A standard joke on American sitcoms is a single person, lonely on Valentine's Day, who says that the day is "nothing more than a bogus holiday dreamed up by corporate interests to sell greeting cards, candy and flowers." In fact, I once held this view myself (both when I was single and when I was in a relationship).
Obviously there is truth in this view of the holiday. Mass produced and overly sentimental "love" is largely what Valentine's day is in our commercialized culture. But - and I freely concede that being happily married to a wonderful woman has affected me here - I've come to see meaning and purpose in this holiday.
If we step back and think of this day as a day to set aside for the celebration of love, we shall see that it is well worth the observing. And I mean ALL LOVE. We love our family and friends, our lovers, and to some degree - when we are at our best - all of our fellow human beings. Having a day to recognize this love is important. Of course, the day loses meaning if we don't love the whole year around, but holidays serve as symbolic reminders that bring such truths to our consciousness.
Love is what is best about human beings. Yes, I know that we are also full of hypocrisy, hate, greed, and foolishness. And for this very reason it is all the more important that love be remembered, that love have the final say in our lives.
There are various legends and tales about a supposed St. Valentine. These tales come out of the later middle ages and the 19th century, and have nothing to do with any possible "Historical Valentine." Common to all the tales is the idea that either Valentine himself, or young people whom he as a priest married, were forbidden to love and wed by the forces of tyranny, oppression and empire. Valentine defies these powers and their laws, celebrating and sanctifying love. For his courage, Valentine is martyred.
The message in the tales of St. Valentine is that love liberates us. By loving each other we discover ourselves, and only then. This, in the legends of Valentine is why love is forbidden and why Valentine is proclaimed a hero for championing love against the power of empire.
Romantic love in particular is celebrated on this day. I used to hold that this was nothing more than a bias on our part. Privileging one kind of love over the others. Well, we do in fact misconceive and over sentimentalize romantic love (just as we do childhood). Nevertheless, romantic love unites two people like nothing else can.
Romantic love burns down the walls that separate us and compels us to grow, mature, and change in ways we never thought possible and never knew we could. I have come to see, however, that we cannot celebrate Romantic love, or even all love alone, we must also remember to celebrate justice.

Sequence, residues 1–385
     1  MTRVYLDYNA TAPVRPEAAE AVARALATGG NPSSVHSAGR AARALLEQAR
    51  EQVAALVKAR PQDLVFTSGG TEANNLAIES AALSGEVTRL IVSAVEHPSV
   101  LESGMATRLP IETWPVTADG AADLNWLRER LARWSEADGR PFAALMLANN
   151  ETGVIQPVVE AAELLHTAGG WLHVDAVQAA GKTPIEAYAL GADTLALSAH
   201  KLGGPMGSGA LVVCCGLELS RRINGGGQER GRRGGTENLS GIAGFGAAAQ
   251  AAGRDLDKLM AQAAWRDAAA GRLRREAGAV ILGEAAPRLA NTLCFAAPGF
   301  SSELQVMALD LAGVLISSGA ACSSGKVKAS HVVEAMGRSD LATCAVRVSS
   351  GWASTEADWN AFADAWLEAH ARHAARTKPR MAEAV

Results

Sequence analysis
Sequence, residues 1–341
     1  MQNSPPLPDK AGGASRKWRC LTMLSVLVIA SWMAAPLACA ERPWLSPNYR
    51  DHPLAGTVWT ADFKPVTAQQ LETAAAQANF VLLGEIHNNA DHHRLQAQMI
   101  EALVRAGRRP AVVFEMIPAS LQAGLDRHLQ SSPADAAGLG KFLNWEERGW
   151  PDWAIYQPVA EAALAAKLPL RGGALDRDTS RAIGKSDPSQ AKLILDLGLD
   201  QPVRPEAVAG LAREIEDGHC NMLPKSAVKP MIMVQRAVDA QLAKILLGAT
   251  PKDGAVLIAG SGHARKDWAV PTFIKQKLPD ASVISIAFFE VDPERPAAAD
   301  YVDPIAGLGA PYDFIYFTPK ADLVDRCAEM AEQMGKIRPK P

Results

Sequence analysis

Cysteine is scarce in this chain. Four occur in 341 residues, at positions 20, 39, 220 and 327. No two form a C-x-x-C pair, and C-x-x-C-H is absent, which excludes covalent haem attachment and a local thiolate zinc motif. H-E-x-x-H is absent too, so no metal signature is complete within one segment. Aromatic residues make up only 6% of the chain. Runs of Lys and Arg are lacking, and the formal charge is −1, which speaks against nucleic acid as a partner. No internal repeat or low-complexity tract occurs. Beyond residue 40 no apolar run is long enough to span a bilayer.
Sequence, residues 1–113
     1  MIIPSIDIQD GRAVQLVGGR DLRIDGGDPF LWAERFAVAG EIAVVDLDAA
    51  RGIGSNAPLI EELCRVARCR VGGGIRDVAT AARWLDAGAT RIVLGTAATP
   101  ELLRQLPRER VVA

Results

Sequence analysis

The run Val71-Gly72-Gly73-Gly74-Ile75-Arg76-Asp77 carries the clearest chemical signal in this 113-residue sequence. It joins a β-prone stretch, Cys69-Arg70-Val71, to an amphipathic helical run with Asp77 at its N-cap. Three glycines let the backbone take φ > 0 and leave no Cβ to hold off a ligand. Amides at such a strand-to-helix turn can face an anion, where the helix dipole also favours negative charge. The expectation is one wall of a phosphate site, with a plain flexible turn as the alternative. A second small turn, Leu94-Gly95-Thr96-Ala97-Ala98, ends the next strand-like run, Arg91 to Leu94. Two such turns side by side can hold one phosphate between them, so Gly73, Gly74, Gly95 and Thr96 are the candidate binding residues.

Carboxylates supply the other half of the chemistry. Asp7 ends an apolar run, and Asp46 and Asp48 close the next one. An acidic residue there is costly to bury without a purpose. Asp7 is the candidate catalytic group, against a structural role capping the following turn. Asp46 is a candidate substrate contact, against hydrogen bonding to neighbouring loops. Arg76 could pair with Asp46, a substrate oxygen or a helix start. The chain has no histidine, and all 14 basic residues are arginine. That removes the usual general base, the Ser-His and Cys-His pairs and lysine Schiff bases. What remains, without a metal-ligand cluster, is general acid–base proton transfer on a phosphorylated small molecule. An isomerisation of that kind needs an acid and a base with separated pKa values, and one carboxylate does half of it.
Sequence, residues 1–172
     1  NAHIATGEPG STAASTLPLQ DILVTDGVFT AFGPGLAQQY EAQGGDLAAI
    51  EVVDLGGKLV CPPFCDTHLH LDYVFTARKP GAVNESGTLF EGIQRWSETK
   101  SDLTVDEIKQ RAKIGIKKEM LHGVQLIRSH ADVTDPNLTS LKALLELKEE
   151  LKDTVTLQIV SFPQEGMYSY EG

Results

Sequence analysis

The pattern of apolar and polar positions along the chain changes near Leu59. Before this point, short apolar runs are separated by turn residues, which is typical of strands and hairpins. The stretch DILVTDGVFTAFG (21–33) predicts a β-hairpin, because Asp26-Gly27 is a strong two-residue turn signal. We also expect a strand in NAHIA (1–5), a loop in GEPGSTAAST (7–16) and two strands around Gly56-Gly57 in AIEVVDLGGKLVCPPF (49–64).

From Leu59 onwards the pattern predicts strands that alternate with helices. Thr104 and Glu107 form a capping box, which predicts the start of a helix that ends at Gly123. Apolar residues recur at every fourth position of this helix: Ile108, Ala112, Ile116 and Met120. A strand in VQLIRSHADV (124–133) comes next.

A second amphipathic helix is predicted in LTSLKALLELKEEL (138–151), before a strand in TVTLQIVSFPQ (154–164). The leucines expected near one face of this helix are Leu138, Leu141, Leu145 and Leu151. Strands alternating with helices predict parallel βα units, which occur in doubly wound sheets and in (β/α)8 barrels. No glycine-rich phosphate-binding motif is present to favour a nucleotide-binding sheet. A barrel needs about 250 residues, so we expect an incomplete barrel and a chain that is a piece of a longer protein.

The Biblical scholar John Dominic Crossan has often written that love and justice require each other. In The Greatest Prayer, he writes that:
Think, then, of justice as the body of love and love as the soul of justice [....] Combined you have both; seperated you have neither. Justice without love or love without justice is a moral corpse. This is why justice without love becomes brutal and love without justice becomes banal.
In short, love by itself is not always just or world-transforming, and there is a real danger it will degrade it to an empty and sappy sentimentality; and justice without love shows no mercy, heeds no compassion: we must have both together. And what is justice? For this Crossan has an answer as well:
The biblical tradition insists that God is a God of "justice and righteousness," that is, of distributive justice and restorative righteousness. Think, for example, of this divine claim:
"I am the Lord; I act with steadfast love, justice, and righteousness in the earth, for in these things I delight, says the Lord" (Jeremiah 9:24). Furthermore, rulers are expected to participate in that same divine character. "Thus says then Lord: act with justice and righteousness, and deliver from the hand of the oppressor anyone who has been robbed. And do no wrong or violence to the alien, the orphan, and the widow, or shed innocent blood in this place" (Jeremiah 22:3). The most serious and far-reaching misunderstanding of that biblical tradition is to interpret divine justice as retributive rather than distributive, as if it meant a proper punishment for some rather than a fair share for all [....]
So let us celebrate love today, let us celebrate each other. But let us celebrate justice as well, for we need to honor both, and the two must never be separated.